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Privacy Issues For Schools Using The Cloud

Posted by on Oct 10, 2013

 

Image from http://www.wired.com

Image from http://www.wired.com

 

 More and more schools are opting to embrace cloud services for storing student’s data, as they are cost effective, easy to use and provide streamlined services. Schools are encouraging students to use commercial cloud services for sending emails, storing and sharing documents, and for other educational purposes. By outsourcing email and data storage services, the school districts are saving a lot of money earlier spent on server, hardware, software and technical support. However, school’s use of cloud services poses significant risks to student’s privacy.

The major risk in using cloud services is that the collection of personal information by cloud service providers can be used for user profiling and online behavioral advertising. According to a survey report  released by SafeGov.org, the students are forced to use the commercial cloud services, as they do not have the opportunity to grant or withhold their consent. For example, if you are a student using school provided email service and without logging off your email account you decide to browse the web to conduct research on your school project. Then without your consent the service provider collects and stores your search history and contents of your email. Later, you might even get pop-up ads related to your web search. This is just one example. Apart from this there are several instances where your other sensitive data like field trip pictures, parent –teacher email exchange, social security numbers etc can be accessed by cloud computing vendors.  This is an increasing problem as more schools are embracing BYOD technology.

The schools and government customers of Google Apps are encouraged to add ad-based Google services such as search or YouTube with Google apps for educational purposes. As a result the students are driven from and ad-free to an ad-supported environment. On the other hand, Microsoft’s Bing for Schools is an ad-free and no cost version of its Bing search engine. It  can be used in public and private schools across the U.S.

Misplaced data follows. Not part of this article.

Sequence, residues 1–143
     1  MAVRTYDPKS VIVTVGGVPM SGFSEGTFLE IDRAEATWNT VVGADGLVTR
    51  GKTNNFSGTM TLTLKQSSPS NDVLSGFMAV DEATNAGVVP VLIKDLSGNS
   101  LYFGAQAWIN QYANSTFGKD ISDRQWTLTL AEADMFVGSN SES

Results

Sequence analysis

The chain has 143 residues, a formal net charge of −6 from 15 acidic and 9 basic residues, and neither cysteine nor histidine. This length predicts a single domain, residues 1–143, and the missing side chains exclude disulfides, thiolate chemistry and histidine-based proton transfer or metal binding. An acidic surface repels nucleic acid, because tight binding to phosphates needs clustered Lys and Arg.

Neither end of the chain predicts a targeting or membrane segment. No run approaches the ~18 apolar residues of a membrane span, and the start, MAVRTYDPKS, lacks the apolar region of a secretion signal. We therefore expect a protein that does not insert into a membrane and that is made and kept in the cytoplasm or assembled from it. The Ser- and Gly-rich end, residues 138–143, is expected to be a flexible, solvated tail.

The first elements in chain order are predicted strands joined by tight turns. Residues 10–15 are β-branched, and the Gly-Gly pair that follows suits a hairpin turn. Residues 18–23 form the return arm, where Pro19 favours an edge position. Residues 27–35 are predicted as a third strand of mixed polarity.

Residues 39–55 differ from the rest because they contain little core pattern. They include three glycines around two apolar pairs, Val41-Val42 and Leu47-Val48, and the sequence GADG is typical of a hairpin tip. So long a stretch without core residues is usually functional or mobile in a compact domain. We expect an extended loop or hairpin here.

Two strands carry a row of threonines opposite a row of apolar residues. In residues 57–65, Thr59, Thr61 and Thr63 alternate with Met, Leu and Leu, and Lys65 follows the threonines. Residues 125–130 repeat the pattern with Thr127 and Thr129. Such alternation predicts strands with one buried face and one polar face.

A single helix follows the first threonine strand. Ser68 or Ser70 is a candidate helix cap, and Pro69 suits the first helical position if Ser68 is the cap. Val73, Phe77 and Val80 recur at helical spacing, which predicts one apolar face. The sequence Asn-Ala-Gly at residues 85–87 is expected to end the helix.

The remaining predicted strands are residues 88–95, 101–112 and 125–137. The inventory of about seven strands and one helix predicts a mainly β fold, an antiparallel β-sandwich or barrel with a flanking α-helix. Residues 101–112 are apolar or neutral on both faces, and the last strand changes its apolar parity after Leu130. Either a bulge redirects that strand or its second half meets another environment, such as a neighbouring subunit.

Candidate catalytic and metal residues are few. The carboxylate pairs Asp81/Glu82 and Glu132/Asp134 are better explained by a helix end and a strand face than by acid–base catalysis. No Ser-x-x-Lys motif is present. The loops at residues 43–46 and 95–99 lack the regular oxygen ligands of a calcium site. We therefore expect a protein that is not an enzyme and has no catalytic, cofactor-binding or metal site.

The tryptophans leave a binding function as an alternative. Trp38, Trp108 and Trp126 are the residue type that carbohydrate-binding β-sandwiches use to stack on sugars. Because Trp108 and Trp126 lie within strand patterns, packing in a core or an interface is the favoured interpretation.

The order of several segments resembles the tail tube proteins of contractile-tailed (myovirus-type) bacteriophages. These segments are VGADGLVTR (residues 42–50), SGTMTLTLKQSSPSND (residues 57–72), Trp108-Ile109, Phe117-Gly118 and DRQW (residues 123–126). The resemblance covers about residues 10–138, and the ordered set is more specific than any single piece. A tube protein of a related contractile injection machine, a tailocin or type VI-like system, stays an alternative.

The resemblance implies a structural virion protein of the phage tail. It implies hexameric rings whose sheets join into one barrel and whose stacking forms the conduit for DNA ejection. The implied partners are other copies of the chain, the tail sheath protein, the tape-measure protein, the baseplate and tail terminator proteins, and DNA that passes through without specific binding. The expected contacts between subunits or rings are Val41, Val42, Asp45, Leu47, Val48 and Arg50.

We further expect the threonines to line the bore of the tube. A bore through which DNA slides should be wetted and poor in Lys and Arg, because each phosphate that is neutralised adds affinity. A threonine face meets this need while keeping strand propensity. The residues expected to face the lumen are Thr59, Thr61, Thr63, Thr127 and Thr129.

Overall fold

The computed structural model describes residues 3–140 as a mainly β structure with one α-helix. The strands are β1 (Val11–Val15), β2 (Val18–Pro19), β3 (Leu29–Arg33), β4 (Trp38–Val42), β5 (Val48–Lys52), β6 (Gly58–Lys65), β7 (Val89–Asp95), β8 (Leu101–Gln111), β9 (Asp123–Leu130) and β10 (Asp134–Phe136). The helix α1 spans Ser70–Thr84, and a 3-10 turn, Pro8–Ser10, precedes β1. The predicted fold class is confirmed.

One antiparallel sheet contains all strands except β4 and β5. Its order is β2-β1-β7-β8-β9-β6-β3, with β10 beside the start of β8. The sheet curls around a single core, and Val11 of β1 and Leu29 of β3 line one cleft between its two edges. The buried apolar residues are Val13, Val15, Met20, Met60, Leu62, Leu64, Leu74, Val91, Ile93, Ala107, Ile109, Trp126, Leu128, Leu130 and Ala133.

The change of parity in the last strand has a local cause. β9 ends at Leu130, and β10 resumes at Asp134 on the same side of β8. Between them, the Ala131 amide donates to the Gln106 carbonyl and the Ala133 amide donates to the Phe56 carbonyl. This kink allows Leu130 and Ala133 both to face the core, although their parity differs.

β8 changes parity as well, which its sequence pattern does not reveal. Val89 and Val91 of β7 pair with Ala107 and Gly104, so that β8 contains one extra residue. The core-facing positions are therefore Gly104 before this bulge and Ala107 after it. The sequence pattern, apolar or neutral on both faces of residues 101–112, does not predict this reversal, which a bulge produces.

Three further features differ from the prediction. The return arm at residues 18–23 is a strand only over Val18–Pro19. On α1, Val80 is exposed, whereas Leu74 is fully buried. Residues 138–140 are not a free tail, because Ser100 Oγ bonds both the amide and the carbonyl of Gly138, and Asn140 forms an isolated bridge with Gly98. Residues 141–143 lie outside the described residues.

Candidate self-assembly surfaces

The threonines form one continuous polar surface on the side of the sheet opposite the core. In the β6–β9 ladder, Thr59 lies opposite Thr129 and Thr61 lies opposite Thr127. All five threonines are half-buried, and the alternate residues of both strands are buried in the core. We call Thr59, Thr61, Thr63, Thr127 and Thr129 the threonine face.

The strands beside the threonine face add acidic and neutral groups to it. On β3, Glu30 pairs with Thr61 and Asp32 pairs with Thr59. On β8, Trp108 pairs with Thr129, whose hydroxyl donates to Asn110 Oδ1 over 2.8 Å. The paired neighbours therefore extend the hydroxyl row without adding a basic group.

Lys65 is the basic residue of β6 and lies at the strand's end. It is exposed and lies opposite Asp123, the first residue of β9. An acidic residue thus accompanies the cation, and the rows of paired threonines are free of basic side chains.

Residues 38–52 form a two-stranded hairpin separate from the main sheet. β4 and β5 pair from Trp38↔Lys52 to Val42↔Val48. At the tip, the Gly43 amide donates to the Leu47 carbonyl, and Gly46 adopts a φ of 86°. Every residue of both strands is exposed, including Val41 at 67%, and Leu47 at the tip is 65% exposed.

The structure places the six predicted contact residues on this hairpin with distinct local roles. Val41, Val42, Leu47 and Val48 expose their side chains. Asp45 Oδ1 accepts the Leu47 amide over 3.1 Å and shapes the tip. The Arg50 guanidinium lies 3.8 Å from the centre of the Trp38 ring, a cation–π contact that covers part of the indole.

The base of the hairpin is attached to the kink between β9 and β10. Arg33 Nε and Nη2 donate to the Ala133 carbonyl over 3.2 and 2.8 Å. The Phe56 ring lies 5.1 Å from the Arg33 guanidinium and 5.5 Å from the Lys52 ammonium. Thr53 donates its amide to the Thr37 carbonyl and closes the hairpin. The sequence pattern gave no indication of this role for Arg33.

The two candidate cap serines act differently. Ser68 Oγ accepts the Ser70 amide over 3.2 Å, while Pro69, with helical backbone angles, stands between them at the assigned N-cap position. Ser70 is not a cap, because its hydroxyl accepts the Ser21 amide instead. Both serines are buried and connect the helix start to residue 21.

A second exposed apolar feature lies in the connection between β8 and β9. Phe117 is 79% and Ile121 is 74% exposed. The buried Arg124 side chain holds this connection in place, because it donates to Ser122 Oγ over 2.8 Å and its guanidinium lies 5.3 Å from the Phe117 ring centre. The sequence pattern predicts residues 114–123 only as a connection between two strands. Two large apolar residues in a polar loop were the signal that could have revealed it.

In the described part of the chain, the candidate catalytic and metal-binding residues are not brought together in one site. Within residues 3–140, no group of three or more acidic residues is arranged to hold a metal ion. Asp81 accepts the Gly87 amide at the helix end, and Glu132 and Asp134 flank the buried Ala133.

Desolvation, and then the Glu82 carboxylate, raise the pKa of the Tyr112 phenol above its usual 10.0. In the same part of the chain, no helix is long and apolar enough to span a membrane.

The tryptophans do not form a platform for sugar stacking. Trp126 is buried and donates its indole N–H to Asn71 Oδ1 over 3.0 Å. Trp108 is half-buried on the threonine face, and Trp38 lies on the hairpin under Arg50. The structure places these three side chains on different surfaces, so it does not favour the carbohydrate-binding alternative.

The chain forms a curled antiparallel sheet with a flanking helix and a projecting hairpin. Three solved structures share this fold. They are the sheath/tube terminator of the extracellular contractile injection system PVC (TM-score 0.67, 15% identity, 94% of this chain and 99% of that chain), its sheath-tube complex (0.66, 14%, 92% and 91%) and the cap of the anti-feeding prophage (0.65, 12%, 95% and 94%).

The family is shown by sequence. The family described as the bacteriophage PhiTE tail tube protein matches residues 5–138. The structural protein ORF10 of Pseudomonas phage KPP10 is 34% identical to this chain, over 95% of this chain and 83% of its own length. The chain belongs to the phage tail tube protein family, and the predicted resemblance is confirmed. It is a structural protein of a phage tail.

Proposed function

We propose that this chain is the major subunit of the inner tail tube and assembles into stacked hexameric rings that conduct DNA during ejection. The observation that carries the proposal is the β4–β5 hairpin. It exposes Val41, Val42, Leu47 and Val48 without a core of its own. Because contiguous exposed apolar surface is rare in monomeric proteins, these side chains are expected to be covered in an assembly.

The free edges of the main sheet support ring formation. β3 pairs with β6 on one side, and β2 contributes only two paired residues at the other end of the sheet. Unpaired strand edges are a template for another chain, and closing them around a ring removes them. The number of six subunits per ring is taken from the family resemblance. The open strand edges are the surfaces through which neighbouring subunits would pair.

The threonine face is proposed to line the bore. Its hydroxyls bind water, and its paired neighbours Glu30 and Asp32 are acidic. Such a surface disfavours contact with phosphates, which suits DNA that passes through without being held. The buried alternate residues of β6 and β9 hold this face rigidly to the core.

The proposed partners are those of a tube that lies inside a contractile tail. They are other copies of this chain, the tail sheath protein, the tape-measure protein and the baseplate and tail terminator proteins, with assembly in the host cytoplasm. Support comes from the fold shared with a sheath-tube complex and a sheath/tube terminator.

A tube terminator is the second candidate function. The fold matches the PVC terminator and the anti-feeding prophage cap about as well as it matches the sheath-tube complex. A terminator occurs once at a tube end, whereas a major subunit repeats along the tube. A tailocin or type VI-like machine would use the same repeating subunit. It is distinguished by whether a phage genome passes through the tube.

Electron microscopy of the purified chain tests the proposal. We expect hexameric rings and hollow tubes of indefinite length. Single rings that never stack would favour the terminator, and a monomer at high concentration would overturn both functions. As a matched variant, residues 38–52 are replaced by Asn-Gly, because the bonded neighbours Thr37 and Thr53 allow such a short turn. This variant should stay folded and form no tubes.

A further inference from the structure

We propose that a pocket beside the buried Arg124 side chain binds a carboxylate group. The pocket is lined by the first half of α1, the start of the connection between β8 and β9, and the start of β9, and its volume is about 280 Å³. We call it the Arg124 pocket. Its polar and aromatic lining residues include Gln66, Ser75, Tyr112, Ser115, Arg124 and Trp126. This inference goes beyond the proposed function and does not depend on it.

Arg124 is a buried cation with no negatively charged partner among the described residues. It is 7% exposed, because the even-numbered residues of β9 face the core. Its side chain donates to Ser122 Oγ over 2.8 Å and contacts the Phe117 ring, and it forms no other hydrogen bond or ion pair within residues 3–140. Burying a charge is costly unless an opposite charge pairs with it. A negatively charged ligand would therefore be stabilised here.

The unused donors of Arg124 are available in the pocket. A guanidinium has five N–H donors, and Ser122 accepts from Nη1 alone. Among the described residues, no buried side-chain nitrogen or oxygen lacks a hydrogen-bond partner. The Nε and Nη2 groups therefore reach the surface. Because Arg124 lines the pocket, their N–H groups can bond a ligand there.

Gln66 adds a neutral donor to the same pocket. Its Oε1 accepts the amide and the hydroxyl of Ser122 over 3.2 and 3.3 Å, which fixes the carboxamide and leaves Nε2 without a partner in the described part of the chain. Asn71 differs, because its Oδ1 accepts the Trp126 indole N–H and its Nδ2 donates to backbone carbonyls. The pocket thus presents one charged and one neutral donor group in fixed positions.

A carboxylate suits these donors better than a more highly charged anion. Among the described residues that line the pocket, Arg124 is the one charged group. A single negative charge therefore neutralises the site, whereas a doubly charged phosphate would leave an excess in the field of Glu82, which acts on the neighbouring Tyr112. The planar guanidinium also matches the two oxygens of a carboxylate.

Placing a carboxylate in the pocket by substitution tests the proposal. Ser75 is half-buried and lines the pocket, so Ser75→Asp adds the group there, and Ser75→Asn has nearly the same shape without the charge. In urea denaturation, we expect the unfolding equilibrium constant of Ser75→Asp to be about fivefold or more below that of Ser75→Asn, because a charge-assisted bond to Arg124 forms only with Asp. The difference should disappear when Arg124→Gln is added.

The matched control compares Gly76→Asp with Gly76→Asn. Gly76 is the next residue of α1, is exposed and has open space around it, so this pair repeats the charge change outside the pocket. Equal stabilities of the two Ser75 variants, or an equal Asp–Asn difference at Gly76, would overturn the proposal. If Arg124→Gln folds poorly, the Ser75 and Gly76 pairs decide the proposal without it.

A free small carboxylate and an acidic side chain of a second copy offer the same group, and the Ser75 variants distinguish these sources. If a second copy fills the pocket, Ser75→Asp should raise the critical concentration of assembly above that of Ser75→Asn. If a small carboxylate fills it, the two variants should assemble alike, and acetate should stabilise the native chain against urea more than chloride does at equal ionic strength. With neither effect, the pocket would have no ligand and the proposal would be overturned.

Image from http://www.bing.com/

Image from http://www.bing.com/

While use of cloud services help schools to save thousands of dollars, the data security and privacy risks presented by these services cannot be ignored. The survey report by SafeGov.org says “there are a number of areas where advertising-oriented cloud services may jeopardize the privacy of data subjects in schools, even when ad-serving is nominally disabled.  Threats to student online privacy occasioned by the use of such services in the school environment include the following:

  • Lack of privacy policies suitable for schools: By failing to adopt privacy policies specifically crafted to the needs of schools, cloud providers may deliberately or inadvertently force schools to accept policies or terms of service that authorise user profiling and online behavioural advertising.
  • Blurred mechanisms for user consent: Some cloud privacy policies, even though based on contractual relationships between cloud providers and schools, stipulate that individual data subjects (students) are also bound by these policies, even when these subjects have not had the opportunity to grant or withhold their consent.
  •  Potential for commercial data mining: When school cloud services derive from ad-supported consumer services that rely on powerful user profiling and tracking algorithms, it may be technically difficult for the cloud provider to turn off these functions even when ads are not being served.
  • User interfaces that don’t separate ad-free and ad-based services: By failing to create interfaces that distinguish clearly between ad-based and ad-free services, cloud providers may lure school children into moving unwittingly from ad-free services intended for school use (such as email or online collaboration) to consumer ad-driven services that engage in highly intrusive processing of personal information (such as online video, social networking or even basic search).